In a fierce rebuke, the FDA accused Meridian of continuing to manufacture EpiPen “without expanding your investigation, reviewing your incoming testing procedures to determine their adequacy or… linking the known component failure with numerous complaints you received regarding ‘failure to activate’, ‘difficult to activate’, or other product activation failures.”
Meridian also failed in its handling of complaints. Between 2014 and 2017, it received 171 complaints of EpiPens failing to activate when used correctly – potentially fatal malfunctions. Yet Meridian admitted that it had disassembled and examined only a small minority of devices.
The FDA also called Meridian’s complaints procedure “inadequate”, because it failed to prioritise complaints based on risk to patients.
Finally, the FDA concluded that the sheer number of serious component and product failures indicated that there were major issues with the ability of EpiPen to meet users’ needs.
By March 2017, Pfizer was compelled to expand its voluntary recall of select batches of EpiPen and EpiPen Jr. By May 2018 it was admitting that it could not guarantee that EpiPen would be available at pharmacies.
This might not have been a problem, but for the sheer scale of Pfizer’s dominance, and its behaviour.
Jext and Emerade, two manufacturers of alternative auto-injectors, committed to raise production to make up the shortfall. But they needed 12 weeks to do so. With only about 30 per cent of the UK market between them, plugging the gap left by EpiPen was a serious struggle. And by this time, there was already a backlog of patients waiting for their August and September prescriptions.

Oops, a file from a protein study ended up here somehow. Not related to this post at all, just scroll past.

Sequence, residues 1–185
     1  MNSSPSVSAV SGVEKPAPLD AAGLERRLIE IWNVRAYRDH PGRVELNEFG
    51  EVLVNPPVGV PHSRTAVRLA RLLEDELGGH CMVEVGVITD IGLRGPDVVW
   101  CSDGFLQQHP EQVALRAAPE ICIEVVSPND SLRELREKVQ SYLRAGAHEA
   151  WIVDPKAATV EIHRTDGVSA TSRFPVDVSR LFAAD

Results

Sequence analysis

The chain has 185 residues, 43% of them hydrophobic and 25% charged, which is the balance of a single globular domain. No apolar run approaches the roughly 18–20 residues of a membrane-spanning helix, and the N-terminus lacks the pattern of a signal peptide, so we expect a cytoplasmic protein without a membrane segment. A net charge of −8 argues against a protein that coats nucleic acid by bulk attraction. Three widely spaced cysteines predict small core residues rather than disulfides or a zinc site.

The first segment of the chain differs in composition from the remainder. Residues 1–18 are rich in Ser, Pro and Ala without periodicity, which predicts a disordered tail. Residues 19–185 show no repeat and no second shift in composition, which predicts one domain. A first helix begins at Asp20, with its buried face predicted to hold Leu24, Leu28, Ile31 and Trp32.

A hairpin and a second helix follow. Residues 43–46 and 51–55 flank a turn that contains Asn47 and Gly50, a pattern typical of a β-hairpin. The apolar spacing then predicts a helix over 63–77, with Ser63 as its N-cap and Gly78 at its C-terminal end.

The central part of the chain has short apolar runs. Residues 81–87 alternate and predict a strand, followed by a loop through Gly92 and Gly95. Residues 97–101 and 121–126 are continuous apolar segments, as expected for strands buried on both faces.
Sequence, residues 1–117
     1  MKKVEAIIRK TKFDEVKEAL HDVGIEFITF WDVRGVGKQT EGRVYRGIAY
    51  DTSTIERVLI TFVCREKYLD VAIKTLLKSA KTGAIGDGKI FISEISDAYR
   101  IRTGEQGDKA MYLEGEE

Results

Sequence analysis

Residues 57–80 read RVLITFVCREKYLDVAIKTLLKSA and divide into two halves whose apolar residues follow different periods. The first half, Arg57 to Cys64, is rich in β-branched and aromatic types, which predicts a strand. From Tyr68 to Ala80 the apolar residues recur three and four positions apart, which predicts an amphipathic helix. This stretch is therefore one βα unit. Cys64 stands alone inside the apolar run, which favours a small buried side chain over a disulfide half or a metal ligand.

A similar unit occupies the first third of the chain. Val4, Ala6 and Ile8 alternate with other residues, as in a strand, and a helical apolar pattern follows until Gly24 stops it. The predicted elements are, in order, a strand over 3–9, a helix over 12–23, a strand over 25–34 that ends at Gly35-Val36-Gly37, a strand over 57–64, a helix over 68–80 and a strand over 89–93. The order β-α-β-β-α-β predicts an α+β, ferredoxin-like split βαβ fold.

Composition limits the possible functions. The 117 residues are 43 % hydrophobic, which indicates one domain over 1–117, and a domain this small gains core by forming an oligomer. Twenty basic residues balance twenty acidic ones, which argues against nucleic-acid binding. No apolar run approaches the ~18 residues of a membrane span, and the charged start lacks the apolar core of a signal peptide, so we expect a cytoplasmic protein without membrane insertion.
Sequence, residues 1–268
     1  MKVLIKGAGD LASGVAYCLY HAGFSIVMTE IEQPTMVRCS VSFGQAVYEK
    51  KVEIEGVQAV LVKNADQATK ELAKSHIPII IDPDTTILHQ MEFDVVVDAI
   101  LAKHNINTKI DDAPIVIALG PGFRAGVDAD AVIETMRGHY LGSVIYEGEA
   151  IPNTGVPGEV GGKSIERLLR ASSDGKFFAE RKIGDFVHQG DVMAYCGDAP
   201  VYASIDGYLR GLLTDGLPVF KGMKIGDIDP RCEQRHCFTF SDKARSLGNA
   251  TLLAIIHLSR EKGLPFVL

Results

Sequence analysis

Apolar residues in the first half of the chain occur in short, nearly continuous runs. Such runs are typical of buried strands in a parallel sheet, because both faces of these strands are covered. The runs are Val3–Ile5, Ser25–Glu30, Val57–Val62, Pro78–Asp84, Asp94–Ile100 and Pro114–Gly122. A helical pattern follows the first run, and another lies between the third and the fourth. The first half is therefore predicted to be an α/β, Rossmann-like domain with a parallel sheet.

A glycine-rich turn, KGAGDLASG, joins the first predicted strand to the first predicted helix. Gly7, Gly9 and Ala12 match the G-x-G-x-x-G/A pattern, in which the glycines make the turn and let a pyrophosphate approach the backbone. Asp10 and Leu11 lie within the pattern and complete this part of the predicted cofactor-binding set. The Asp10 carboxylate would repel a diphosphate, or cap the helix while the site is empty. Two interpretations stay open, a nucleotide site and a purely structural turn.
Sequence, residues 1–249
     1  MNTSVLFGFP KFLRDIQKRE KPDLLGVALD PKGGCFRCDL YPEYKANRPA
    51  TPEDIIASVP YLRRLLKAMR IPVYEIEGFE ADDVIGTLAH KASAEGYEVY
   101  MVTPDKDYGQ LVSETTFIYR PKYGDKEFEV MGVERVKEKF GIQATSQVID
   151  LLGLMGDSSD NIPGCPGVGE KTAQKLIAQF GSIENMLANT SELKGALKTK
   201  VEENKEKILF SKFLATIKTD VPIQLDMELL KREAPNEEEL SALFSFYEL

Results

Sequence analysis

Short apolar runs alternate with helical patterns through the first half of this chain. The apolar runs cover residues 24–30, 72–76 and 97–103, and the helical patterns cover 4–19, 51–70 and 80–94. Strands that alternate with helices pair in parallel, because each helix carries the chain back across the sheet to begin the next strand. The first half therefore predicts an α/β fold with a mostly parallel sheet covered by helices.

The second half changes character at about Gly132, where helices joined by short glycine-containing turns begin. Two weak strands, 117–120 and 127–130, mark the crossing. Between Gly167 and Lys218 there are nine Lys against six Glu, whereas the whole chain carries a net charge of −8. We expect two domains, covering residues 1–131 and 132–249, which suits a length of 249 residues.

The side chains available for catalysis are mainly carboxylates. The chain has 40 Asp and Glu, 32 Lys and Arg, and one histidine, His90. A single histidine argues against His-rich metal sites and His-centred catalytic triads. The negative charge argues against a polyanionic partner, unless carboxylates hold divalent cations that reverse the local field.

Sean Connor, UK general manager of ALK, a Danish-based pharmaceutical company that markets Jext, said: “Mylan were quite dismissive of the situation and didn’t appear to take the problem seriously. More warning would have helped.”
Shirin Alwash, an ambassador for the Royal Pharmaceutical Society, says that the lack of communication meant that many pharmacies were unprepared for the shortage. “It hit us in the face,” she said. “All of a sudden you came into work one day and couldn’t order the stock. Had we known it was about to happen we could have had a contingency plan in place.”
In response, Mylan said: “We have worked closely with Meridian Medical Technologies, the manufacturer, to alleviate the intermittent supply constraints, and we are seeing improvements in patients’ ability to readily access …EpiPen… in the UK.”
A Pfizer spokesperson said: “It’s not unusual to receive product complaints, and each is investigated promptly. We are very confident in the safety and efficacy of EpiPen products being produced by Meridian Medical Technologies.”
Being dependent on one manufacturer for the vast majority of auto-injectors increases the risk to patients in the event of a disruption to supply. But companies who enjoy a dominant market position tend to want to keep it that way.